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Bessa, Kojo Antwi and Ambolley advise GH one-time hitmakers

BY: ofi Duah & Jayne Buckman-Owoo
Bessa and others on on-time hitmakers
Veteran Highlife artiste Bessa Simon

THEY hit the music scene with a big bang thrilling music lovers with songs that are greeted with ‘thunderous’ applause.

However, their subsequent releases fail woefully to match their previous hit; resulting in people describing these once upon a time promising artistes as one-time-hitmakers.

Looking for some answers, Graphic Showbiz spoke to some veteran musicians who have been and are still making good music.

Afro-Fusion musician, Kojo Antwi said it was about time young musicians did albums if they wanted to stay in the music business for a long time.

Kojo Antwi

“I am not saying singles are not good but albums are always the best. Let’s say if a musician has a hit single, how many times can he or she perform that single at a particular time?

"There is no way you can perform that hit single for more than 30 minutes.

“During our time, we were doing albums and if only one song is even a hit on the album, you have the opportunity to perform almost all the songs but hardly would you find the young ones doing albums in recent times,” he said.

He explained that the young musicians need to do authentic music that would last for a long time. “Everything starts from the grassroots.

"If you do authentic music, Ghanaians will embrace it and that is what I urge the young ones to do,” he said.

On his part, Bessa Simon said: “Music is a journey we take, we need to learn and not just do it because others are doing it.

"Stonebwoy started long ago and has so many hit songs. You need to have enough fuel in your tank and keep learning.

“Some of them have no idea about music, they heard someone’s hit song and they think they can do the same but it doesn’t work that way; there is so much they have to learn before venturing into music.

“A good management team will also push you in the right direction so that is another thing the young ones should look at, most of them don’t have proper handlers and that goes a long way to affect them.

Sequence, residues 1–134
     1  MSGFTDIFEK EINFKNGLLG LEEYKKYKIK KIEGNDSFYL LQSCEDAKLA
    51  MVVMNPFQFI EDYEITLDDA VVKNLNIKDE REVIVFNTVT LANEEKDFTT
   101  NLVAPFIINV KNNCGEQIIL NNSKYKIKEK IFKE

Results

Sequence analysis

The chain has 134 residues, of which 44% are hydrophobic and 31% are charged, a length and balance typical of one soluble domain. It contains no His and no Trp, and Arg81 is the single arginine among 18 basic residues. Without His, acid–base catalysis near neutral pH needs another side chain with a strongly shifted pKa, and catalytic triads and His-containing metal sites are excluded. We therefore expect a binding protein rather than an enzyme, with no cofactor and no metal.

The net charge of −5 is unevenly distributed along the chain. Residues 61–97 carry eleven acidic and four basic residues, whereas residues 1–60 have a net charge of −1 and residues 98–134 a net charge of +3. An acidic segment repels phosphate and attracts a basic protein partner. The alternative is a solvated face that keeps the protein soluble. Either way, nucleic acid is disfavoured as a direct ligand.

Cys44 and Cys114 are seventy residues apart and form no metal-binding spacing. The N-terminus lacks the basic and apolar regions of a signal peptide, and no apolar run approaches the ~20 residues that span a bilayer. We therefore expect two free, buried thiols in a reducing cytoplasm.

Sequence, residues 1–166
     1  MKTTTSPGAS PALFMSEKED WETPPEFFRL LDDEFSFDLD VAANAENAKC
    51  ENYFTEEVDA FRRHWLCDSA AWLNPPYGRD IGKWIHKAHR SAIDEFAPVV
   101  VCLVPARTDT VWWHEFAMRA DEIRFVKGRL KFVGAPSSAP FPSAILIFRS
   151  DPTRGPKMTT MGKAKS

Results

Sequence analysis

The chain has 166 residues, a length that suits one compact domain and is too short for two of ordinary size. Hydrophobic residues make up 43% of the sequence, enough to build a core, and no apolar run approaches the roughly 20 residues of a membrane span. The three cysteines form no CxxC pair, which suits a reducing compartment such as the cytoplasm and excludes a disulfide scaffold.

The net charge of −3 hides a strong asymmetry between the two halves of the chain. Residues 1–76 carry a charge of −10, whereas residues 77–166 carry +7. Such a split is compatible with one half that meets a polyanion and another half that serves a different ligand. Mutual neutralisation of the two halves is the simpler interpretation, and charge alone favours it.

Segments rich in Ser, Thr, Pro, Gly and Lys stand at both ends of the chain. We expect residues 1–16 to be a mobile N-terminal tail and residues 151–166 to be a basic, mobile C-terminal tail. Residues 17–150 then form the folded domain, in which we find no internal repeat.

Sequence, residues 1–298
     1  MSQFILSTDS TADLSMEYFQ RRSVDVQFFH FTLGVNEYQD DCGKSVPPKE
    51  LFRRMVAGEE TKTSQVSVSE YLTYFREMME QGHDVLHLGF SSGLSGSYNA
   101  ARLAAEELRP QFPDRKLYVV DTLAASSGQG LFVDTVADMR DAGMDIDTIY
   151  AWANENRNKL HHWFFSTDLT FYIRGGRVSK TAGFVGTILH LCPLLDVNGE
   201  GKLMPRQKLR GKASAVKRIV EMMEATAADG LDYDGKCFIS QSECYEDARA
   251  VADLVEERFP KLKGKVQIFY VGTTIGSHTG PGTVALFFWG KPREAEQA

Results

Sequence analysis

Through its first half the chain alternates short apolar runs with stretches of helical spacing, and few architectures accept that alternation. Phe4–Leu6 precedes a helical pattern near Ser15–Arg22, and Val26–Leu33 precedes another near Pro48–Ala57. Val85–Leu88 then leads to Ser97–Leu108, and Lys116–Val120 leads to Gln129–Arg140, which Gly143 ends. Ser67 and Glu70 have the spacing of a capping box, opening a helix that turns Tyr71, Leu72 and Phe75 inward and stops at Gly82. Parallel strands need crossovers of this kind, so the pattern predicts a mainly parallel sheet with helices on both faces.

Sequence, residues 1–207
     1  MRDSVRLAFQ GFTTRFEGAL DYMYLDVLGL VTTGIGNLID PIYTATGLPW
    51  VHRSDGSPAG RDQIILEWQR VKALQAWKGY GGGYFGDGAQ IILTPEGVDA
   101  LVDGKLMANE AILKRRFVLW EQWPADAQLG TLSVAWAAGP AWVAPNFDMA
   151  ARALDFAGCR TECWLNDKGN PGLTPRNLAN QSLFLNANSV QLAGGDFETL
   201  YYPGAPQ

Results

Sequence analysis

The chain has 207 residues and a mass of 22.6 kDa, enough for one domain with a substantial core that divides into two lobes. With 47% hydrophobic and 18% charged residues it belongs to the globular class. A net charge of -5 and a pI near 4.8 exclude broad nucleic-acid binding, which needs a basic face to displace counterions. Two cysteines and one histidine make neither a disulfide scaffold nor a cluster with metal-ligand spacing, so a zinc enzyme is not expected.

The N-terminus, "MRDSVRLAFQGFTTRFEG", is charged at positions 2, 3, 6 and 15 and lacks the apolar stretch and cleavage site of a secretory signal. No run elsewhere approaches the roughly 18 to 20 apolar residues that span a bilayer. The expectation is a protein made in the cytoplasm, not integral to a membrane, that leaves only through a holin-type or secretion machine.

“In our time, we learnt a lot so whatever we do till date is authentic and that is the reason why most of us have evergreen songs, songs which have been around for decades yet are still enjoyed by both the young and the old.

Gyedu Blay Ambolley also added his voice, saying: “It is all about education and information; you need to be taught the music, the melodic side of it and all the nitty-gritty of it. It draws you to scrutinise the music.

Gyedu Blay Ambolley

“The young ones are just copying music from other countries, they need to learn the music. They depend on computers and do cut and paste.

"Most artificial things don’t last. They need to go to more experienced artistes to learn from them so they can come out with authentic music,” he stated.

Also giving his thoughts on the issue, Sadiq Abdulai Abu, Chief Executive Officer of 3Music Awards and talent manager said how a musician breaks through determines how they are accepted.

“If a musicians comes in a comic way, the public kind of accept you the way you came in so if you are try to do serious music, it won’t work.

"Such musicians come in as sensations and are easily forgotten so the moment such musicians try to do serious music, the public cannot relate to them”

“More so, most of these musicians are not able to track down how their song became popular at a certain point in time and because they are not able to do so, they are not able to come back again with another banger and eventually fade off.

“But all is not lost as Shatta Wale has been able to rise above all these challenges and the young ones can learn some from him” he told Graphic Showbiz.